How to Research a Local Political Race

Back in 2014, I wrote a post with the title “Methodology” that talked some about how I research races with an eye towards helping people trying to figure out where to dig and what questions to ask. I think it’s probably time to update that post, so below you will find my advice (hopefully suitable for people all over the country) on how to figure out who you want to vote for in a local election.

Local races are incredibly important. People tend to focus on national races, and while those sure are important, your local representatives often affect your day-to-day quality of life in much more tangible ways. Local elected officials make decisions that affect library hours, school curricula, snowplowing, zoning rules, pothole repair. Pay attention to these races! Learn about who’s running, vote all the way down the ballot, and encourage your friends to do the same.

1. Get a list of the races and candidates who will be on the ballot.

In Minnesota, you can do this via the Secretary of State’s “Find My Ballot” page. If you don’t live in Minnesota, try searching “find my ballot” and your state to see if you have something similar.

2. Look up candidate websites.

When MN candidates file, they have the option of writing down a URL, and if they do that, there may be a link right on the page that comes up on the Secretary of State’s site. If there’s no link, or the link leads to a nonexistent website, try searching the candidate name + the office, or the candidate name + your town. Sometimes people running for a minor office will use a Facebook page as their campaign page.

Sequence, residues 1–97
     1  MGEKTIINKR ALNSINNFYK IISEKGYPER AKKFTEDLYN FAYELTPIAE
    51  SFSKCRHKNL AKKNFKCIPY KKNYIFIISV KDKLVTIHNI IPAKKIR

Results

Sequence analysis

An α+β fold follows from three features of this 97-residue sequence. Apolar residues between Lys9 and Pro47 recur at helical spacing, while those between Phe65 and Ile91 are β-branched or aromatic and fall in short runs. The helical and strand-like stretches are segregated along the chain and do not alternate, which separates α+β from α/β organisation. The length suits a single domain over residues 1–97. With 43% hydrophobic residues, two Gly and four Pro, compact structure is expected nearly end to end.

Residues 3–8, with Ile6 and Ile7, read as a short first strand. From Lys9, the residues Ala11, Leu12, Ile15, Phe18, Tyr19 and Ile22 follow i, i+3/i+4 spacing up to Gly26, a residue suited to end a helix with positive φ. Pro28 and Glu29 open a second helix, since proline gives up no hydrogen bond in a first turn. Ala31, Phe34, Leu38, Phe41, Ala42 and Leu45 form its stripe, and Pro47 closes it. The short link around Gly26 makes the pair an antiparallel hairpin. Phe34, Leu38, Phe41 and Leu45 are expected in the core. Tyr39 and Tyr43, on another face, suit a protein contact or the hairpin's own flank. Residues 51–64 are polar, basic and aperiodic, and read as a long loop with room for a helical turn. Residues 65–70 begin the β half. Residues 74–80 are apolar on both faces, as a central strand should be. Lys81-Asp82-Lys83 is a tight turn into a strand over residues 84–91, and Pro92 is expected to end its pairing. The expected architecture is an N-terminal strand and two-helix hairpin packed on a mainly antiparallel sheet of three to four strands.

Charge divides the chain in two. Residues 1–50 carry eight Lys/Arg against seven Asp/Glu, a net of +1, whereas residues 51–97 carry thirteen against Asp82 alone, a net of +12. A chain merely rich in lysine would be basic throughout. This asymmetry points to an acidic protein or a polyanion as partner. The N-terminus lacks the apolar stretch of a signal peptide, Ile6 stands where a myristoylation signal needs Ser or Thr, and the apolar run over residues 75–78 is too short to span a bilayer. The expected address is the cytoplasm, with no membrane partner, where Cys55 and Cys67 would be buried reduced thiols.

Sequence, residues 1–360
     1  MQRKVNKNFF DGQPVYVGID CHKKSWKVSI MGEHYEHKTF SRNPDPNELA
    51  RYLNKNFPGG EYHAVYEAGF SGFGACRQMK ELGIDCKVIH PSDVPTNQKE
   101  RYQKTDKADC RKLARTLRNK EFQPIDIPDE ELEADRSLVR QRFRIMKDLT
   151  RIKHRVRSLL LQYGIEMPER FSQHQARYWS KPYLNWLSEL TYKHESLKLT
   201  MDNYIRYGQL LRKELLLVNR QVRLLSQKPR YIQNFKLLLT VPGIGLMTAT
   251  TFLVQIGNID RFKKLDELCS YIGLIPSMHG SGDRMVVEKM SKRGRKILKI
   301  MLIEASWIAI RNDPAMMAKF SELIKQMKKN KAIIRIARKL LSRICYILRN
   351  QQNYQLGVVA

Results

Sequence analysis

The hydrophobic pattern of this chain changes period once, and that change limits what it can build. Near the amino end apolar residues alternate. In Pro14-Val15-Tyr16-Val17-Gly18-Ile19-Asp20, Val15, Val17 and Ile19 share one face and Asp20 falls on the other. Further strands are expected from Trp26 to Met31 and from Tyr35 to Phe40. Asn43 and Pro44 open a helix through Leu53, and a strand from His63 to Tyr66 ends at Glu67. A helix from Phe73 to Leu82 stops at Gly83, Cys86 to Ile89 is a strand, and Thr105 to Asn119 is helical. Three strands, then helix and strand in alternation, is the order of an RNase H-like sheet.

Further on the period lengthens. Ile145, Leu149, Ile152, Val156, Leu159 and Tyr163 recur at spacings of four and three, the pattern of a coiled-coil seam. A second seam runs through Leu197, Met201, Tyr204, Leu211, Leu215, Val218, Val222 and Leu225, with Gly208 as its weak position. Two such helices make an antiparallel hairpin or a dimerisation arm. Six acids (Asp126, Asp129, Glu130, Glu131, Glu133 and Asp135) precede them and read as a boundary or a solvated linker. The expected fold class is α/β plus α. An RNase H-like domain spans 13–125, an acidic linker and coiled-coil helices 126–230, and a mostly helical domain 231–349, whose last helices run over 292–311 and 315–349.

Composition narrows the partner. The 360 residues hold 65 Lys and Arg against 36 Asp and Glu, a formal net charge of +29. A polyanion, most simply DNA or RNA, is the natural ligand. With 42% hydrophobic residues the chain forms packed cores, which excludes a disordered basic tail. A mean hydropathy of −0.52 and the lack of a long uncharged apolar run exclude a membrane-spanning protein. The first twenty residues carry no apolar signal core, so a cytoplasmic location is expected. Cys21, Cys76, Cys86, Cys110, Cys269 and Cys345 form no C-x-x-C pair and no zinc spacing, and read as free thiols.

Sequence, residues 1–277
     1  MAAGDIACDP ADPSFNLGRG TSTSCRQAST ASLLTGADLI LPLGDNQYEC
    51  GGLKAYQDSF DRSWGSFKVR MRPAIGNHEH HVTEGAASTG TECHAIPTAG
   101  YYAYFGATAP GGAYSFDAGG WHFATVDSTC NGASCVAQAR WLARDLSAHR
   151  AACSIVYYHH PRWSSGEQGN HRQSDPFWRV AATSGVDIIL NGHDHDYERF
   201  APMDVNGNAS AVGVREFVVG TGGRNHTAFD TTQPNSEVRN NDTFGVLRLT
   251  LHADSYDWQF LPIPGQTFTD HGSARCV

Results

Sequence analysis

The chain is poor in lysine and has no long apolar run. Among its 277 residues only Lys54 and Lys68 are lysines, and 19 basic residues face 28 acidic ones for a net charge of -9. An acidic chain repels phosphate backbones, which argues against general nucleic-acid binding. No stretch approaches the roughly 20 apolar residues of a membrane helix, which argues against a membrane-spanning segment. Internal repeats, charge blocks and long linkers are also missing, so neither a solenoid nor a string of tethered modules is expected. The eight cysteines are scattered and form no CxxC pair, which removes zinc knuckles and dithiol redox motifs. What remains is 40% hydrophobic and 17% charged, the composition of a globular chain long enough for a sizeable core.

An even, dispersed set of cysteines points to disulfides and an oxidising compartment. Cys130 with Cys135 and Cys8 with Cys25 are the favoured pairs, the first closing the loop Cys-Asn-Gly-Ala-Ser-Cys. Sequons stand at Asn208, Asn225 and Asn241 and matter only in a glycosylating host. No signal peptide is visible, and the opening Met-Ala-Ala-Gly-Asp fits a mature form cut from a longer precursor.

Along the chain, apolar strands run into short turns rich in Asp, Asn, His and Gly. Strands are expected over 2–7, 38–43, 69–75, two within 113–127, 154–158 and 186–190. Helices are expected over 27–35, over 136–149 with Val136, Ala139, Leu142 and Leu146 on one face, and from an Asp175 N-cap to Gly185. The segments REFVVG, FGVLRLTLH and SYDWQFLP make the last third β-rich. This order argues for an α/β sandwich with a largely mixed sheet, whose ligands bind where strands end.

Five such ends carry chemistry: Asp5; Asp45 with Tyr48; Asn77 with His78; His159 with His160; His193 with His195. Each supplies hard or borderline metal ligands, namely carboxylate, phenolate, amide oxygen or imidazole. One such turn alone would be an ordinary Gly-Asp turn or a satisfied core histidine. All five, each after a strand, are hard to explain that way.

Take a look at the websites you find. In particular, look for the following:

  • Endorsements. If one’s endorsed by the Republicans and one by the Democrats, that may be all you need to know.
  • Experience. Not always required for a low-level office, but I like candidates who’ve at least shown some interest in local governance before running — maybe by serving on a city or county committee, fundraising for the library, etc.
  • Accomplishments, if this is someone running for re-election. Do you like the things they claim credit for? Do you think they’ve done good work?
  • Big red flags. Racist and antisemitic dogwhistles, repeating gross urban legends, a school board candidate who puts a lot of emphasis on “parental rights,” anti-vax stuff.
  • Small red flags. Candidates who just don’t seem to know anything about the issues. Candidates who repeatedly say “WE THE PEOPLE” in all-capital letters or use a lot of patriotic stock art.

Other useful things you’ll often find on candidate websites: a bio (which will give you information about past experiences that might be applicable to them serving in the job); links to their social media; some information on contacting the candidate (very useful if you have follow-up questions)

3. Look at other information online.

If you search online for both candidate names, sometimes you’ll find questionnaires from newspapers or organizations. These can provide you with a bunch of side-by-side information to compare.

Searching for the candidate name + location sometimes turns up other details about a candidate, from old news articles to lawsuits. Sometimes this is helpful, sometimes it’s useless.

If you go to your library’s public information databases, you can often use your library card to search your local newspaper. This can turn up information about all kinds of things — old letters to the editor, news articles about scandals from years past, arrests.

If you look on Facebook, sometimes you can find a candidate’s personal Facebook page. Some candidates lock those down or sanitize them heavily, but if they don’t, you can learn a lot about a person from the memes they re-share.

If you look on LinkedIn, often you can find someone’s professional resume, and that can be extremely helpful to sort out what some of the stuff in their bio means. Lots of people will call themselves “educators” and sometimes that means they worked as a professional teacher in a public school and other times it means something that is absolutely not that.